Keir Starmer’s energy price cap freeze ‘could cost as much as Covid furlough scheme’

·6 min read
Keir Starmer - Jane Barlow/PA
Keir Starmer - Jane Barlow/PA

Labour’s plan to freeze the energy price cap would end up costing almost the same as the Covid furlough scheme, a leading think-tank has warned.

The Institute for Fiscal Studies (IFS) predicted the final bill from Sir Keir Starmer’s pledge to keep bills down would likely hit taxpayers for around £60 billion.

On Monday, the Labour leader unveiled proposals to suspend October’s rise in electricity and gas prices, fixing them at a maximum of £1,971 for the following six months.

The move would shield households from the predicted increase to £3,600 this autumn, with the Government picking up the tab on behalf of energy companies.

Labour has said the scheme would cost £29 billion and that the money would be raised largely from a beefed-up windfall tax on oil and gas giants.

But when grilled on the plan, Sir Keir admitted that it could be extended beyond the initial six months if utilities prices remained high into spring 2023.

Paul Johnson, director of the IFS, said that the freeze would likely need to stay in place for at least a year to see families through the worst of the crisis.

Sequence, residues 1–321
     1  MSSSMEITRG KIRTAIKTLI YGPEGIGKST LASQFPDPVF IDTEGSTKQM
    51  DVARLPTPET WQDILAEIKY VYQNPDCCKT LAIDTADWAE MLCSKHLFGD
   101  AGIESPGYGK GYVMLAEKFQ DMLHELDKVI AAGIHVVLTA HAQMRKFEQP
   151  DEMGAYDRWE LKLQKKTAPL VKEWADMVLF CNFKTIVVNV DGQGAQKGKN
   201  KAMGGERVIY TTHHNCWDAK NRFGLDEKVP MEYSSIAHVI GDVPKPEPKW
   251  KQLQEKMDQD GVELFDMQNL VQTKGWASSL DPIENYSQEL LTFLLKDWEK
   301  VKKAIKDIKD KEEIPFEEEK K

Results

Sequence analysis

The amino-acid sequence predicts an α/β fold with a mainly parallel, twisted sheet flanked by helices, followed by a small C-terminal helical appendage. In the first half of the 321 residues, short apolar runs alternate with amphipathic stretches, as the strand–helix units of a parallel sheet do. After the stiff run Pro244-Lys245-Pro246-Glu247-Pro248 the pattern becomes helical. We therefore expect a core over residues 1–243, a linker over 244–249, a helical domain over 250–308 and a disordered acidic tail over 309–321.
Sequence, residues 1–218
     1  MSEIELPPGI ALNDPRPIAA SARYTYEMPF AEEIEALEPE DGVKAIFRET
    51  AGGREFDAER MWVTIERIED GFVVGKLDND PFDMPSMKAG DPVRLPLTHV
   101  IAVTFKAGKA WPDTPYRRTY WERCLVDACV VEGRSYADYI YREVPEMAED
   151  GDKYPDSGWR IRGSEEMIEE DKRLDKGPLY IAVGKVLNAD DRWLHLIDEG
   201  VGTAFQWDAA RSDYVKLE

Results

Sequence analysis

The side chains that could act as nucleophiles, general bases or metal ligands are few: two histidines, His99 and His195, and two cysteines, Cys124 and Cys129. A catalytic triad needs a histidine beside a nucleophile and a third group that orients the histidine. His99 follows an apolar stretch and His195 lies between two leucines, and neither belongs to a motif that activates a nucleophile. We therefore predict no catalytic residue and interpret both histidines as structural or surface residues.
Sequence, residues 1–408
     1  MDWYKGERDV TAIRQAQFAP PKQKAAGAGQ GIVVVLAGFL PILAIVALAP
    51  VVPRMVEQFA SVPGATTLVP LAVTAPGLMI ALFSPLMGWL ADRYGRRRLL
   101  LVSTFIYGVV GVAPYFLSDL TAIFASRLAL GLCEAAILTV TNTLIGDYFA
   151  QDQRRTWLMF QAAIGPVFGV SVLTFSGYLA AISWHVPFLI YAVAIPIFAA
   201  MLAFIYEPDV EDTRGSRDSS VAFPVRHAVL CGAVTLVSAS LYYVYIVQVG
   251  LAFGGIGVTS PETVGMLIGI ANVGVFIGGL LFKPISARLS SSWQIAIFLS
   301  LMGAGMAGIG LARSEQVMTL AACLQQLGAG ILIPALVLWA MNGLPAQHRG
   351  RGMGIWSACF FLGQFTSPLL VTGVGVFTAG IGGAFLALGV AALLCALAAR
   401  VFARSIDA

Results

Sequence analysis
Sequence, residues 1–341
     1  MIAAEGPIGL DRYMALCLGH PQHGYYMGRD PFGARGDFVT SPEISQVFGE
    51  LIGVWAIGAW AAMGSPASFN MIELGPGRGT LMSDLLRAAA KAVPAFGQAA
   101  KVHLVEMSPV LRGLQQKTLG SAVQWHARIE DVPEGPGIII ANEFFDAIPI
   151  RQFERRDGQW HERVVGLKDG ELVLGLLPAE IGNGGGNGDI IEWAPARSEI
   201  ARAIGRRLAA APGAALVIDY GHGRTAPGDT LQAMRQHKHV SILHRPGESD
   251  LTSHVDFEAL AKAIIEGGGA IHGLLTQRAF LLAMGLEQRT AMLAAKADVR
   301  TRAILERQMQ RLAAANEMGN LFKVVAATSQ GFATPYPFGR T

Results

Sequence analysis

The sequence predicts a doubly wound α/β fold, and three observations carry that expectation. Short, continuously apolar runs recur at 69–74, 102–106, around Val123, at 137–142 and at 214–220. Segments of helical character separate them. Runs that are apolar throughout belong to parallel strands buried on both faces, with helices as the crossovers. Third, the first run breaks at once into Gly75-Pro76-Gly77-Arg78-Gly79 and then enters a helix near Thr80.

“You are looking at the cost of furlough if you remember that from Covid a couple of years ago, so that is a very expensive scheme,” he told BBC Radio 4.

The final price tag for the pandemic support, which helped cover the wages of 11.7 million employees for 18 months, came to approximately £70 billion.

Labour said it would raise £8 billion by closing a “loophole” in the windfall tax that gives energy firms a 90 per cent discount if they reinvest profits in the UK.

A further £7.2 billion would be found because reduced interest rates as a result of lower inflation would bring down the cost of servicing the national debt.

The remaining £14 billion would come from cancelling the £400 energy rebate each household is due to receive this winter.

Sir Keir said that his "very strong, robust, costed plan" would help the "millions of people already struggling with their bills” before the price cap rises further.

He added that the Prime Minister, who he described as a “lame duck”, and the two Tory leadership candidates who are “fighting each other”, had failed to act.

The Labour leader said his proposal would see inflation peak at nine per cent this year, rather than the 13 per cent forecast by the Bank of England.

But experts cast doubt on whether it would tackle rising prices in the longer term, with Mr Johnson saying it was "not a real saving in the long run".

A source close to Rishi Sunak, the former chancellor, said the scheme would merely defer the pain for families and create a “huge cliff edge on April 1”.

The proposals are more substantial than any put forward by Liz Truss or Mr Sunak and will pile pressure on both to set out their own rescue packages.